Take action: In order to boost your body image, and change the way you feel about yourself, so that you can get thinner, you've got to start being more proactive. Make a list of the things in your life that bug you, and plan to chip away at them every day.
Search out role models: Keep an eye peeled and look for examples of women who clearly accept, appreciate and love their curvy bodies. Some of my favorite celebrity role models are Queen Latifah, Mo'Nique, Nicki Blonsky, and Camryn Manheim. One of my most beloved and inspiring role models is a woman named Jessica Weiner. She is the Global Ambassador for the Dove Self Esteem Fund. As a best selling author and speaker, she has dedicated her life to empowering women and girls. She's the bees' knees as far as I'm concerned.
Get support: Reach out for help and find support, surrounding yourself with other women also seeking to love and accept their bodies right now. Accept the fact that there really is no quick fix. It took time for you to gain the weight and it will take time for you to get it off. Be nice to yourself and find a place to make your changes in a loving environment. Look for discussion groups, websites, therapists, coaches, and people with powerful messages online and in your daily life that reinforce body acceptance and a positive self image.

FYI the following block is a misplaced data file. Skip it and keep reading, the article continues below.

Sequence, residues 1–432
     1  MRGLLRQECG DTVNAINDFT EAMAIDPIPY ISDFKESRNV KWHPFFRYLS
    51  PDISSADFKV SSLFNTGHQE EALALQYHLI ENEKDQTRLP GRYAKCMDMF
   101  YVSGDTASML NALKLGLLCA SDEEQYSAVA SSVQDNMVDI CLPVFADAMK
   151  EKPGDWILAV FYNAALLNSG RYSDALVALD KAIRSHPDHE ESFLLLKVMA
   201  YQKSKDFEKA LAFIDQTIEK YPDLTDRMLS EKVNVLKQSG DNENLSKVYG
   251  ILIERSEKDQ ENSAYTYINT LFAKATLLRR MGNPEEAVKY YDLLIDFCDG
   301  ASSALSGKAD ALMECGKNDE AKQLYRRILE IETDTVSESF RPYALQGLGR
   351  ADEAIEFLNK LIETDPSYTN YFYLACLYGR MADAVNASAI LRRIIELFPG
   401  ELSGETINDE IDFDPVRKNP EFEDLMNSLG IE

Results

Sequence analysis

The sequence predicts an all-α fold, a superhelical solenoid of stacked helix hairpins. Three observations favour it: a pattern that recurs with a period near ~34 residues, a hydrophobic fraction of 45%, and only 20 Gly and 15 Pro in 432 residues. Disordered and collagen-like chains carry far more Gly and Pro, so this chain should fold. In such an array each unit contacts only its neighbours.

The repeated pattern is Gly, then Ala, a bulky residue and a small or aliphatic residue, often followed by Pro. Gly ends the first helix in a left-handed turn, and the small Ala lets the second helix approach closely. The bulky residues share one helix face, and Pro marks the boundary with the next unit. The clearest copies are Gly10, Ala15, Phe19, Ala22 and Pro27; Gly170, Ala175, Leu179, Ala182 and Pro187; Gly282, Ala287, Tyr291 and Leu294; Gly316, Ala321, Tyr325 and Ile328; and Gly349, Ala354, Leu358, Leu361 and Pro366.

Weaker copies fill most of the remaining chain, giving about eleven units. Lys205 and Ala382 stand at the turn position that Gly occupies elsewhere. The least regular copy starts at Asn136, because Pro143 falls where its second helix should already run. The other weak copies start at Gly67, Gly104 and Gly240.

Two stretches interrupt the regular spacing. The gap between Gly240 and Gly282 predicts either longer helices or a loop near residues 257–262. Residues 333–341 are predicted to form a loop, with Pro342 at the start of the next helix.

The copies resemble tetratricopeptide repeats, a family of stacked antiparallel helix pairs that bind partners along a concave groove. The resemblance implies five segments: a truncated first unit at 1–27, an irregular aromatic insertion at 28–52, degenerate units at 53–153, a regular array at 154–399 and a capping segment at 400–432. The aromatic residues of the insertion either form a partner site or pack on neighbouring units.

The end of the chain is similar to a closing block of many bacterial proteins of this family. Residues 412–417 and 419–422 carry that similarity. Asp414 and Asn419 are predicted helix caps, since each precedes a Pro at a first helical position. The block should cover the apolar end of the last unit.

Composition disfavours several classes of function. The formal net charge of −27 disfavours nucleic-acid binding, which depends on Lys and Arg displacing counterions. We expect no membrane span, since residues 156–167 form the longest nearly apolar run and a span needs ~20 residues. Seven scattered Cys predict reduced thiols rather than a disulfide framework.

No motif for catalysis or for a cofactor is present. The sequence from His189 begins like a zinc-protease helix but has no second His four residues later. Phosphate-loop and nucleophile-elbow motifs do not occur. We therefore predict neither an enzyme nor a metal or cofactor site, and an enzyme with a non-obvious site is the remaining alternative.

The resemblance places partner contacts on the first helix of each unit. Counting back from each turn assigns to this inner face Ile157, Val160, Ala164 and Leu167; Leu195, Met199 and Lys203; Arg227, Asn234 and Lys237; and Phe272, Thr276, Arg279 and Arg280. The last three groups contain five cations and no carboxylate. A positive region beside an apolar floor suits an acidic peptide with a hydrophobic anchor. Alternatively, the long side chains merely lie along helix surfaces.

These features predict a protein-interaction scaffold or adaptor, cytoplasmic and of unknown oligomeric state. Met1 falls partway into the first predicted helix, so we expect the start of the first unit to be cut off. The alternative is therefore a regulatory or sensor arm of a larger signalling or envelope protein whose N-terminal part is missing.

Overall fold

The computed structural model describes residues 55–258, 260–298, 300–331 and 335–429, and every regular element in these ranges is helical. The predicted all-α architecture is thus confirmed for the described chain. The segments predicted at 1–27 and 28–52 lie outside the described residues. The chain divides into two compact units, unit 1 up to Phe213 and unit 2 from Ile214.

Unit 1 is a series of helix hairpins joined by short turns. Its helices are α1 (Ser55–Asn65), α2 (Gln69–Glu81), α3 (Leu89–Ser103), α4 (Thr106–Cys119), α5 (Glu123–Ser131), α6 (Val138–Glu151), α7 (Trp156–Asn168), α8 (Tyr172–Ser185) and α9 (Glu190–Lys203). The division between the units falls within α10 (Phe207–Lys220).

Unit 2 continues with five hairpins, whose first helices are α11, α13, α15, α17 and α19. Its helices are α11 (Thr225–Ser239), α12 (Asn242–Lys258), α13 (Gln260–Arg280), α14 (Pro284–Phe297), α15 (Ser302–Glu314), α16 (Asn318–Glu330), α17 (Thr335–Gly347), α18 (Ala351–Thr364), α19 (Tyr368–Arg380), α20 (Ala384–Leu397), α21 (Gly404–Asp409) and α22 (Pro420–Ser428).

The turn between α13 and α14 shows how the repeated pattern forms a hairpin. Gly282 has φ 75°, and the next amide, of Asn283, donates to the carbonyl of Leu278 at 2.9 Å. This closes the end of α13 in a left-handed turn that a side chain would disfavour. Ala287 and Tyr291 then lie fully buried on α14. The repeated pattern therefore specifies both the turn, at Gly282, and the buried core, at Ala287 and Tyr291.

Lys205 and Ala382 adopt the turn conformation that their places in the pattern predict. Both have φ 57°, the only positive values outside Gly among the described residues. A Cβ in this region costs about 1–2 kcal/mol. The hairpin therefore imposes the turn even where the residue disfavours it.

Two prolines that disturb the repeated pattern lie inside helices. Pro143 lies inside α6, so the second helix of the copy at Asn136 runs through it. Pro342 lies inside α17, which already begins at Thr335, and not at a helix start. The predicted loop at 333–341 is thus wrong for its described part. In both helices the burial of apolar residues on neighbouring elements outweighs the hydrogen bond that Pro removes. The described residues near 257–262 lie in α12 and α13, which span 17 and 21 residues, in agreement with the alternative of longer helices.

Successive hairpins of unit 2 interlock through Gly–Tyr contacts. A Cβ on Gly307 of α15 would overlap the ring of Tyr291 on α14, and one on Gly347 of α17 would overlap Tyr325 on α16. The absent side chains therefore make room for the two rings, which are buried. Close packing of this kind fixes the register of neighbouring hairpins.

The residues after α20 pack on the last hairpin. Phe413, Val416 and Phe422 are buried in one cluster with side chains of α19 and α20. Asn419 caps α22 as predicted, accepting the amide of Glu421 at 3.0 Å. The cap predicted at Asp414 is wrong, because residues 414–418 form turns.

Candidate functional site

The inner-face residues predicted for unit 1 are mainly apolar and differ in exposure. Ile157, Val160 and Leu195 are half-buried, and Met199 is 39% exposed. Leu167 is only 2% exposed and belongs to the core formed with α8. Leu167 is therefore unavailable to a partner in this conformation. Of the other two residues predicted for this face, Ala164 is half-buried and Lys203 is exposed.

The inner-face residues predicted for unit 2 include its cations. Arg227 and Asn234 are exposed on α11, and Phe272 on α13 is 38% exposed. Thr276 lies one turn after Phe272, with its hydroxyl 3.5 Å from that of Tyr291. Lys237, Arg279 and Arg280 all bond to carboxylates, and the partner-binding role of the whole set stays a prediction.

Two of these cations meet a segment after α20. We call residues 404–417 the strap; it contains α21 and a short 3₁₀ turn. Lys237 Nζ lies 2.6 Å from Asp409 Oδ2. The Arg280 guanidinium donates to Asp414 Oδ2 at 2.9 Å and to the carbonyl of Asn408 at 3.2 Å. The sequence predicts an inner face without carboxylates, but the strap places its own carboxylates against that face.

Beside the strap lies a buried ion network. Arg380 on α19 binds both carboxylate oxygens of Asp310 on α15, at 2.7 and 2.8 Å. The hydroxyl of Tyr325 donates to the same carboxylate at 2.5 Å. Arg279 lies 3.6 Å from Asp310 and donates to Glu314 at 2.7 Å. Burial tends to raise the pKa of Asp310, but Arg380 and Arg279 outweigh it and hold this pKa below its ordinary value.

Change Your Thoughts: The point is you can't combine liver and onions, and expect to get an apple pie. The body you have today is a result of the thoughts that you've been feeding it. It's merely a snapshot reflecting what you have believed to be true. It's the result of a combination of years of beliefs and actions and inactions that have brought you to this place; hating your body.
If, like me you've grown a healthy pair of thighs or a big butt, it's probably evidence of the manifestation of believing what you've been told. The good news is-it's not permanent and you can change it. Your thoughts are powerful ingredients that mold your life and ultimately determine your success. By changing them, you change your results.